They didn’t light it, but they try to fight it

Based on Clallam County Sheriff’s Office observations, more than 1,000 trucks transport goods each month to Clallam County along U.S. Highway 101. If a disaster were to disrupt that shipping route, the county could be cut off from supplies for up to a week or more.


In response to this possible scenario and other emergencies, the Clallam County Sheriff’s Office Emergency Management Unit is working to prepare citizens for possible disasters through a series of Community Emergency Response Team or CERT trainings. Program graduates go on to organize CERTs in their own neighborhoods. The teams, trained to Federal Emergency Management Agency standards, act as primary responders during emergencies until professionals can make contact.


According to a release from the Sheriff’s Office, 25-40 percent of businesses without an emergency plan are incapacitated after a disaster. The training will emphasize planning, survival skills, individual preparedness and the need for mutual aid within communities when responding to and recovering from a disaster.


Program coordinator Jayme Wisecup said that the classes have been unusually popular lately. While she typically only gets 15-20 applicants each year, that number spiked to more than 150 in January. To accommodate the jump in interest, she’s trying to get another course organized Sequim in May.

Retired Deputy Police Chief Sterling Epps attributed the rise in enrollment to an increased awareness of just how isolated the county could be during a disaster.


“There are 80 bridges in this county and the majority of them won’t hold up in a quake,” he warned.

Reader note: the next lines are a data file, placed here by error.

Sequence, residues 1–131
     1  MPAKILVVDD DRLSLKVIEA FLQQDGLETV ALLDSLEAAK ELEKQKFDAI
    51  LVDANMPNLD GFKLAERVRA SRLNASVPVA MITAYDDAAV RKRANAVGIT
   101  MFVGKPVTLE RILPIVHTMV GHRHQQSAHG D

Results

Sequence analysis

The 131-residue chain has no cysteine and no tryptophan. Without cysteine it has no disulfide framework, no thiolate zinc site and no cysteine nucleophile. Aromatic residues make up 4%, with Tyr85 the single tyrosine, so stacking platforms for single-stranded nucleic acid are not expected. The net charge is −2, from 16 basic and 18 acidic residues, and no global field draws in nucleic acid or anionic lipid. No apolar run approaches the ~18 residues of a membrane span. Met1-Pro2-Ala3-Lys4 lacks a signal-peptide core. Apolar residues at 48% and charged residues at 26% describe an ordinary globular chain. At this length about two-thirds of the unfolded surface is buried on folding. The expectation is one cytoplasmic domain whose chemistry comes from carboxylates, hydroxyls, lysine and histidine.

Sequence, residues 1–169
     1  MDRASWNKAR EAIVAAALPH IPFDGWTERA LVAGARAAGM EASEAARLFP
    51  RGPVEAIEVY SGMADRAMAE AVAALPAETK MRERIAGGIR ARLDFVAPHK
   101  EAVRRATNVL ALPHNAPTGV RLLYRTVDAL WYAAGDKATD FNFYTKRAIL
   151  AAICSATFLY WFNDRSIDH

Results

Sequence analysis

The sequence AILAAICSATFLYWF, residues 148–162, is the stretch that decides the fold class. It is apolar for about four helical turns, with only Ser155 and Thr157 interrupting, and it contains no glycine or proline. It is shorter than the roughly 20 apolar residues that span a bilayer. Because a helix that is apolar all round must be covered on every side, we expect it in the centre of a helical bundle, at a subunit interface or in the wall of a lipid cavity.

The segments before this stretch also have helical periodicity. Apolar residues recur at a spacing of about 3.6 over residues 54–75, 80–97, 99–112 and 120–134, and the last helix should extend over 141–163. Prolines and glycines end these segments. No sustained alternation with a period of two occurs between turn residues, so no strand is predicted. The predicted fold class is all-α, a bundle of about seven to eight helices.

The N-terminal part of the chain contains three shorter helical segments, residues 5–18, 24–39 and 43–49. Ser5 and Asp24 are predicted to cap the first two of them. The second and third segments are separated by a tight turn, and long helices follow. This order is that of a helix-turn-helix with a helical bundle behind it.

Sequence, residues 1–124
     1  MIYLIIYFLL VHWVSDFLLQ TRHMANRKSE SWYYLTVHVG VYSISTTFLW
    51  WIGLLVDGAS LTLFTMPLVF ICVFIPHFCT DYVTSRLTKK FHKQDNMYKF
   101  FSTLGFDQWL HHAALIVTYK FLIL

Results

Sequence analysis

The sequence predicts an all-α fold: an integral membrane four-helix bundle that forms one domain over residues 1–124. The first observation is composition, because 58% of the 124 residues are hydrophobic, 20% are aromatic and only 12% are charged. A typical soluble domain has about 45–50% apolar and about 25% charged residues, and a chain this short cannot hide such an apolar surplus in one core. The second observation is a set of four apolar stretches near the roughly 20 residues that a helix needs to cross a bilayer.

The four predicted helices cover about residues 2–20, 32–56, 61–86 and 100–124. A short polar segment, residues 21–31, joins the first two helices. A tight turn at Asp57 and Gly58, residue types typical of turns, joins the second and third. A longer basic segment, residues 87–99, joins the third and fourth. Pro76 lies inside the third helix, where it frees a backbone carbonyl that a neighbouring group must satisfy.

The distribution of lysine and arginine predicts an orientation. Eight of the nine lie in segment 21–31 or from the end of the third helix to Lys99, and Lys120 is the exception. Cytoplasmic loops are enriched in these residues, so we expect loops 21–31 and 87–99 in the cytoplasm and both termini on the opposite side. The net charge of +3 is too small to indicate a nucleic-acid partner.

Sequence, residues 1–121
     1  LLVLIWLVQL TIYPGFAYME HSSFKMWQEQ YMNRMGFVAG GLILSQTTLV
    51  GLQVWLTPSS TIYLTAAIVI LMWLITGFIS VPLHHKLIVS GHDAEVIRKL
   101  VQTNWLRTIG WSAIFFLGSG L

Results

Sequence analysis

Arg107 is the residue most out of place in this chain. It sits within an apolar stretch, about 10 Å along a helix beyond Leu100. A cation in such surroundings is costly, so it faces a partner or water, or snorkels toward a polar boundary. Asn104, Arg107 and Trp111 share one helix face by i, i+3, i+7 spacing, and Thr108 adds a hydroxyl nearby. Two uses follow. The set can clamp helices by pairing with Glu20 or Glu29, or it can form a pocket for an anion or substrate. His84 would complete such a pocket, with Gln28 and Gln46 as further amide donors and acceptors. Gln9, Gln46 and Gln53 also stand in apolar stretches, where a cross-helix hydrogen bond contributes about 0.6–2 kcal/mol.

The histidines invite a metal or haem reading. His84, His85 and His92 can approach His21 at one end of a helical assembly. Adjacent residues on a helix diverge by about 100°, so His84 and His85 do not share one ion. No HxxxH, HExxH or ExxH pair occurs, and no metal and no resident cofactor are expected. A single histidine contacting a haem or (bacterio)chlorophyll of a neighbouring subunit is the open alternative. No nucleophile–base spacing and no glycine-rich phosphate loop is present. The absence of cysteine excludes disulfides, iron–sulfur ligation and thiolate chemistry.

The first set of classes took place Jan. 26, Feb. 2 and Feb. 9 at the Parkwood Clubhouse in cooperation with the Parkwood CERT unit; more are planned for the coming months.


Epps said the classes discuss how to deal with emergencies such as fires, floods, earthquakes and other disaster scenarios and emphasize self-reliance and individual preparedness. “A lot of people have fire extinguishers and have never used a fire extinguisher before,” he said.


The nine Clallam CERT teachers have varied backgrounds, including retired office managers, reserve firemen and social workers. Vietnam veteran Bob Mills teaches the fire preparedness unit. A retired Department of Justice administrator, Mills worked to ensure his upper floor Seattle office was prepared for a fire.


“I like teaching the fire module because it’s something very practical,” he said. “It’s something people could encounter any day. Always have two ways to exit a building,” he reinforces to the class, “stay low and keep doors closed.”


He reminds the students to check doors for heat before opening them and teaches how to fight a fire by robbing it of fuel, oxygen or heat.


Larry Morris, 59, works for the Clallam PUD and says the program has helped him as a continuation of his work with Map Your Neighborhood five years ago. He said it’s similar to Map Your Neighborhood, but more detailed.


“I take care of safety for the PUD, so I wanted to know a little more and get a little more involved in emergency preparedness,” he said. “We’re always looking to be prepared.” Morris said that one of the most useful lessons was on triaging — sorting by priority — casualties in a disaster situation.


CERT trainings include basic fire response and escape skills, first aid and light search-and-rescue strategies. Registration is open for the courses on May 4, 11 and 18 in Sequim. Those interested in registering should call Wisecup at 417-2525.



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